Conceptual Framework No. 5: Models of Operation Research
[Editor’s note: This post is part of a series devoted to tools and frameworks for researchers to plan better projects right from the start. Please read the first post for the general outline of the series.]
This is the last post of this series that presents different conceptual frameworks to help researchers plan projects that can relate to policymaking processes. This last conceptual framework is of ‘models of operation’ and it relates to research designs that are planned to compare options to inform decision-making processes. One can probably imagine the situations when policymakers are deciding on a concrete policy. Many times policymakers, especially in the executive, have concrete mandates, sometimes they have concrete goals to fulfill. But there are different routes that can fulfill such mandate. When these occasions occur, it is possible that models of operation research are a good alternative to organize a research project at this stage.
What are models of operation?
Models or operation research are frameworks that allow us to compare. The objective in these instances is to inform a decision, so choices must be as clearly defined as possible. One can establish research questions that compare two concrete policies or programs, to determine which one is most beneficial. Cost Benefit Analysis (CBA) is the most common approach to this question. The objective is to balance out the possible costs and benefits of two choices to inform which option should be taken. It might be based on economic terms, but it might also include other social or environmental considerations.
One could also seek to compliment a decision-making process with additional considerations. Environmental Impact Assessments (EIAs) have emerged as a tool to inform policymakers of the expected impact on a given policy or project on the environment. Ideally, EIAs can affect whether a project is carried out, or can promote changes that would make it more suitable to its environmental contexts.
In the case of deciding between funding different programs, the Return of Investment (ROI) analysis has been used to explore the possible outcomes of a given investment. In the case of policies or development projects finances by donors, the outcomes do not have a tangible return on a dollar amount. However, a wider perspective can be taken to account for the broad positive impact of a policy.
These are just some examples of models used to compare policies and to tackle questions regarding its benefits to inform decision makers.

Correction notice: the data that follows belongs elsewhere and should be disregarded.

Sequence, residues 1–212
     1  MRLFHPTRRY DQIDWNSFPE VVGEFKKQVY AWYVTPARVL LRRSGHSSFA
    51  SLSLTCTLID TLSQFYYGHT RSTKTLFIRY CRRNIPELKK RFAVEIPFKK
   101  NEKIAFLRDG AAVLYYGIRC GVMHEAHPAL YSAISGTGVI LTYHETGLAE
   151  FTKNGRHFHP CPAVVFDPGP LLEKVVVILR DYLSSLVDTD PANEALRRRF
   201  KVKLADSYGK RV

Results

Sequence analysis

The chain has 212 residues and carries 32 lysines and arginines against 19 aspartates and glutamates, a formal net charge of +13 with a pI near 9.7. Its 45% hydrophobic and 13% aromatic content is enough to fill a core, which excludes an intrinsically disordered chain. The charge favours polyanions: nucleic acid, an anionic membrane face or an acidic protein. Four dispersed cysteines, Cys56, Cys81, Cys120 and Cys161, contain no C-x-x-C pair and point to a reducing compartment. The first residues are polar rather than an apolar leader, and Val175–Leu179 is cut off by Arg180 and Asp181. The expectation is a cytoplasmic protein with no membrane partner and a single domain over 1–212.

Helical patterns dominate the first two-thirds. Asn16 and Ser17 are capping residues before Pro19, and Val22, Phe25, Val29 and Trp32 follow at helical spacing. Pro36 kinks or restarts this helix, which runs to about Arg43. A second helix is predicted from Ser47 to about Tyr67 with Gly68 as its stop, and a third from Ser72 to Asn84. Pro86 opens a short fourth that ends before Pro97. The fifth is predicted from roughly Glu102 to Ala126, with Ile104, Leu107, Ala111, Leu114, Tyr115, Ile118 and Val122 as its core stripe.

When should you use it?
The key to using models of operation is to make sure that stakeholders are at a point to make a decision. Maybe more exploratory research is necessary, maybe options have to be developed before they can be compared and a decision can be made. For example for a proper EIA study to be carried out, a project has to be as clearly defined as possible. In the case of a Cost Benefit Analysis, it is critical to compare specific policies. If not, the comparison may be vague and may not be as informative.
Since these frameworks are used to inform decision-making processes, it is important to have clarity of who is making the decision, and the extent of those decisions. Are the policies being analyzed within the reach of the decision maker? For example, can a program be put forward within the current legal framework? Will the legislative need to change a law or regulation for a program to be executed? In these research processes it is critical to know who needs to do what for a program to be executed, to also consider the likelihood of those actions to be carried out. It is critical to consider to what extend costs are a limitation. Is our objective to find the most cost-effective solution? Is it to find the best solution despite the costs? In most cases, the decision is about finding the sweet spot between both.
Time is also critical. As Leonardo Garnier comments in his latest interview: ‘there is a need for combining the sense of urgency with rigorous studies; there must be a balance: one should not proceed blindly nor be paralyzed by the lack of perfect information.” When planning research to inform a decision, it is important to plan for the results to be available before the decision must be made. This means choosing research that is feasible in the available time and also fit for purpose.
Good reads on some of these models:
“The Case against ROI Control” discusses a business perspective on ROI while this article discusses the application of ROI to other sectors such as communications.
This guide on Costs Benefit Analysis by the Asian Development Bank.
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